David Marlowe, the CIA's deputy director of operations, spoke to academics about the invasion of Ukraine and opportunities for Western intelligence agencies to turn disaffected Russians to their favor.
"Putin was at his best moment the day before he invaded," when he could have coerced Ukraine, influenced NATO, and proven Russia's might, Marlowe said at George Mason University's Hayden Center. "He squandered every single bit of that."
"We're looking around the world for Russians who are as disgusted with that as we are," he said. "Because we're open for business."
The Hayden Center on Monday released the video of the event, in which Marlowe was paired with CIA Deputy Director for Analysis Linda Weissgold.
Marlowe was appointed to his position in June 2021 by CIA Director William Burns, who has served multiple tours as chief of agency stations overseas, including the Middle East, as well as headquarters in Langley, Virginia.
His remarks sound similar to other assertions by former senior CIA officers about disgruntled Russians in February, providing ground to recruit agents.
European governments have expelled hundreds of Russian diplomats suspected of being spies. Two "illegals" — agents for Russia posing as someone else, have been arrested.
The Kremlin also ordered cuts to the U.S. diplomatic presence, limiting the opportunities for espionage.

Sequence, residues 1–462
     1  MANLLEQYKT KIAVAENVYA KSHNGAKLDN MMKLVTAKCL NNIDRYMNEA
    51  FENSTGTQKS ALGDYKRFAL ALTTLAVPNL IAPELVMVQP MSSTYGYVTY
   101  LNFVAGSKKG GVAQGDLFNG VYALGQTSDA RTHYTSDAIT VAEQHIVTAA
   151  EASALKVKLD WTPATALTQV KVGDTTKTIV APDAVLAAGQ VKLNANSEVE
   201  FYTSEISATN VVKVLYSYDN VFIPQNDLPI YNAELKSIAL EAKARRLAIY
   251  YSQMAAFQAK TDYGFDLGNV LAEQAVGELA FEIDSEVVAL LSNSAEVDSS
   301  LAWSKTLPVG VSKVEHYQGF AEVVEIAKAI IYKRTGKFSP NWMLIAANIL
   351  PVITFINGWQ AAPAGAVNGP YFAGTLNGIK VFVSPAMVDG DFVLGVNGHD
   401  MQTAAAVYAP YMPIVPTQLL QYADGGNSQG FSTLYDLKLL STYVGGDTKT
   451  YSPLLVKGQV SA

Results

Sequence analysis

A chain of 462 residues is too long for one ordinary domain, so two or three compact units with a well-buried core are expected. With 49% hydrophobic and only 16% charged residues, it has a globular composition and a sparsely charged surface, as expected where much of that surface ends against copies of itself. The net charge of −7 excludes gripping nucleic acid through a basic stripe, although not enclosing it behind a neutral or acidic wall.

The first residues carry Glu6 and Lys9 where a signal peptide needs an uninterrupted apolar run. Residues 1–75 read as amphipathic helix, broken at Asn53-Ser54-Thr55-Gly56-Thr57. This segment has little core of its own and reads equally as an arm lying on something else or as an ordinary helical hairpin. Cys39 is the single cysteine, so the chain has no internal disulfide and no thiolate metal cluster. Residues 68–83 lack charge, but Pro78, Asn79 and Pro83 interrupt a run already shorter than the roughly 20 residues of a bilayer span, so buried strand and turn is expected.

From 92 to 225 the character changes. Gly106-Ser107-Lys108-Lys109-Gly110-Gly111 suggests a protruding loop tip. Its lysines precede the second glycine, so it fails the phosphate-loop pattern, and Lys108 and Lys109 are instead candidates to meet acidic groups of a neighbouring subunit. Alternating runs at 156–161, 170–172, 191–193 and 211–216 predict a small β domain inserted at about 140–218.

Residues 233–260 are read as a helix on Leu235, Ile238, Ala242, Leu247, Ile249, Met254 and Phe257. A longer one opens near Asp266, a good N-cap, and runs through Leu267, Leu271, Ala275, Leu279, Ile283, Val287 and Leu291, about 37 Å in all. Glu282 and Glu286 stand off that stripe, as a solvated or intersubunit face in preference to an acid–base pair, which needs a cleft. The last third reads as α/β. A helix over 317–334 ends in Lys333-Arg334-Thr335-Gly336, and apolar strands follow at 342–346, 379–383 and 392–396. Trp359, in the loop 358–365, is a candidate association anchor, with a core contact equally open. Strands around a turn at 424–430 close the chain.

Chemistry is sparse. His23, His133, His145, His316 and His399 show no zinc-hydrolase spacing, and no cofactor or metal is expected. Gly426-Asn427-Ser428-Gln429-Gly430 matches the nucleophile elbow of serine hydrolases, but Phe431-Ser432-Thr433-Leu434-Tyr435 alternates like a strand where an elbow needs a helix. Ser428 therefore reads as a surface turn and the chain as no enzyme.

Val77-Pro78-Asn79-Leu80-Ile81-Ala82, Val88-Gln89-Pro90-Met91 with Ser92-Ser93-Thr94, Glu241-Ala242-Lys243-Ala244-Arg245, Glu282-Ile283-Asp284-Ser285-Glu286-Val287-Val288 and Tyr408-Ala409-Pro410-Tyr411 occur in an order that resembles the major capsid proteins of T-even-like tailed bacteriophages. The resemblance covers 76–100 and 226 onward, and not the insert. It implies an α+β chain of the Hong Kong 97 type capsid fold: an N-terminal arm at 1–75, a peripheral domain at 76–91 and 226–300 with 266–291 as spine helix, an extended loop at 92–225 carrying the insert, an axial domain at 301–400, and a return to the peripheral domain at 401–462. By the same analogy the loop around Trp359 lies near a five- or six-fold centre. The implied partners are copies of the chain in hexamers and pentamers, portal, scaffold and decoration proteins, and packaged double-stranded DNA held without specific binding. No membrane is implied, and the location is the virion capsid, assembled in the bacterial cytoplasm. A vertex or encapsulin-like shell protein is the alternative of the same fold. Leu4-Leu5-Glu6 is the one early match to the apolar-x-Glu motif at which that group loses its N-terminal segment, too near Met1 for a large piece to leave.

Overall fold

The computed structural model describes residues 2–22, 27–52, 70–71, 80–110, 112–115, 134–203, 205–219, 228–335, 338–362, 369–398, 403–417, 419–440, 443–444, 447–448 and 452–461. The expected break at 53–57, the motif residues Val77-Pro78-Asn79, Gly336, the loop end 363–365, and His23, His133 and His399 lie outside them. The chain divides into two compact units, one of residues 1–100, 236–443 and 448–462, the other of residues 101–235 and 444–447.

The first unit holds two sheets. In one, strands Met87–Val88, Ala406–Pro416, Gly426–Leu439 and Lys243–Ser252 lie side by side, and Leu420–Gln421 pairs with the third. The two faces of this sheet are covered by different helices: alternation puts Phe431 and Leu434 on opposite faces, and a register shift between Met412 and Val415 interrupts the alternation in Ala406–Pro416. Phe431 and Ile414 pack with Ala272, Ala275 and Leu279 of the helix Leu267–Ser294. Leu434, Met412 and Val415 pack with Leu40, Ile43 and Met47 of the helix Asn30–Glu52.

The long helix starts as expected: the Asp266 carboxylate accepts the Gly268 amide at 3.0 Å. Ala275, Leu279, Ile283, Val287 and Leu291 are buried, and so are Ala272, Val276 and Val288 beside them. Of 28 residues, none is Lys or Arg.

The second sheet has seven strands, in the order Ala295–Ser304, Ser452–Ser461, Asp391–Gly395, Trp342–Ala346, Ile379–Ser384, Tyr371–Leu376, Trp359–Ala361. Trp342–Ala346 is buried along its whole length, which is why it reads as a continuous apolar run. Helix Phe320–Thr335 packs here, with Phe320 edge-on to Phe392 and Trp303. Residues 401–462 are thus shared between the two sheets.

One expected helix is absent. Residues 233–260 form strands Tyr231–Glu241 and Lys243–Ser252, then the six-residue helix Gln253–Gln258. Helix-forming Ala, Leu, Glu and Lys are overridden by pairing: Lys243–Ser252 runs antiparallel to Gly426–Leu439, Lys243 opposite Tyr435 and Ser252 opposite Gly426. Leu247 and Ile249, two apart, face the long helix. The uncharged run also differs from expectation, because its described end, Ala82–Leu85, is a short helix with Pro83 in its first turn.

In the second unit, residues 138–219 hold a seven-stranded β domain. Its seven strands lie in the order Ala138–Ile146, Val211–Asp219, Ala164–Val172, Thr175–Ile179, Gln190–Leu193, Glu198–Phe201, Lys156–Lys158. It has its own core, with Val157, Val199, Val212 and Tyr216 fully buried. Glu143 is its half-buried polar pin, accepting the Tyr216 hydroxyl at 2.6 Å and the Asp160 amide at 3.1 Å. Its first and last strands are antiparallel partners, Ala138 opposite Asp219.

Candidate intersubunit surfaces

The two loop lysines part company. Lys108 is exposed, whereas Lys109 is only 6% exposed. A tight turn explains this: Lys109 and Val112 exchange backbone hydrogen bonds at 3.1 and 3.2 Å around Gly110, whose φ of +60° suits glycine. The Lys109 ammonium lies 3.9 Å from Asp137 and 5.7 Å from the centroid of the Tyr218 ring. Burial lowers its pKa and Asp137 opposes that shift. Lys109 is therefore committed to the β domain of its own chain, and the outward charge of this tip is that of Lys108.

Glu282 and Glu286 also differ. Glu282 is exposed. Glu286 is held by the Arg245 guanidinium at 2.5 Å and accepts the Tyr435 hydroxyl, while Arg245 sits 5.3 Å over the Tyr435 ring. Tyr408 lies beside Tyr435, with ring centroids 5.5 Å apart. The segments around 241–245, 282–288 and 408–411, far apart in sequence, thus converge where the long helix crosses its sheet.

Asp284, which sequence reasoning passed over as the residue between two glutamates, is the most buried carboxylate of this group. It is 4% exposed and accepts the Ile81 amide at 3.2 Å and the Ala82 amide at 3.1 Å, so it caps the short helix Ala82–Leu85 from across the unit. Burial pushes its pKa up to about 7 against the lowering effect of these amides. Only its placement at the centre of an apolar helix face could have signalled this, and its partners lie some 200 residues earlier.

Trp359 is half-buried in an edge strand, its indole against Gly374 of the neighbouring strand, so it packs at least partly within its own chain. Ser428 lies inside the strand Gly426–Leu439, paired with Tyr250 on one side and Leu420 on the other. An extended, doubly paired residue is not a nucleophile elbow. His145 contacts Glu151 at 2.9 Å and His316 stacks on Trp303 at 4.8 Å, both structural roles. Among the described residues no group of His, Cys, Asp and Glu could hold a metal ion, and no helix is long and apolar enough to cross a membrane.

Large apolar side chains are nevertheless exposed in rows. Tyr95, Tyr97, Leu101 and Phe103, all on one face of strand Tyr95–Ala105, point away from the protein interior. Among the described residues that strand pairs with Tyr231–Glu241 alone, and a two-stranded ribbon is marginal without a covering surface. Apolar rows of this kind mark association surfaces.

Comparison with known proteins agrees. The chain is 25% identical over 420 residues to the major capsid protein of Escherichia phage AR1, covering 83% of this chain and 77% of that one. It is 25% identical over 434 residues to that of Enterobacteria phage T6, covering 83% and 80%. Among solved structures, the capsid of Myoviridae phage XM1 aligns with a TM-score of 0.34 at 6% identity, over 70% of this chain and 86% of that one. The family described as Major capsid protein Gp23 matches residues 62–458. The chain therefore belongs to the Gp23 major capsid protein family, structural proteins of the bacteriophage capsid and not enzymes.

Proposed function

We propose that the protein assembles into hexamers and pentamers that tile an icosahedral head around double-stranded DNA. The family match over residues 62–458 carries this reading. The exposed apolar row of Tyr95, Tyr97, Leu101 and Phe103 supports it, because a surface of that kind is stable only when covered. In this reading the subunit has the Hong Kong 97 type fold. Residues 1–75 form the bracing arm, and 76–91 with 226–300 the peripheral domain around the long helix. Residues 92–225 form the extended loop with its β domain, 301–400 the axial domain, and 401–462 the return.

The head of MI6, Britain's foreign intelligence service, said this summer's expulsion of hundreds of suspected Russian spies by Western European nations crippled Russian intelligence opportunities.
"At last count, north of 400 Russian intelligence officers operating under diplomatic cover have been expelled," MI6 chief Richard Moore said at the Aspen Security Forum. "We reckon in the U.K. that's probably reduced their ability to do their business, to spy for Russia, in half."
Officials haven't said much on the Ukraine side, although Western officials have confirmed CIA and MI6 agents are on the ground.
Weissgold, who spent two years as an intelligence briefer for President George W. Bush, said the Ukraine war is not ending, despite Putin's failures.
"This isn't going to end any time soon," Weissgold said. She said each side's understanding of what they are fighting for remains the critical point of the conflict. "The Ukrainian soldiers know that. The Russian soldiers, not so much."
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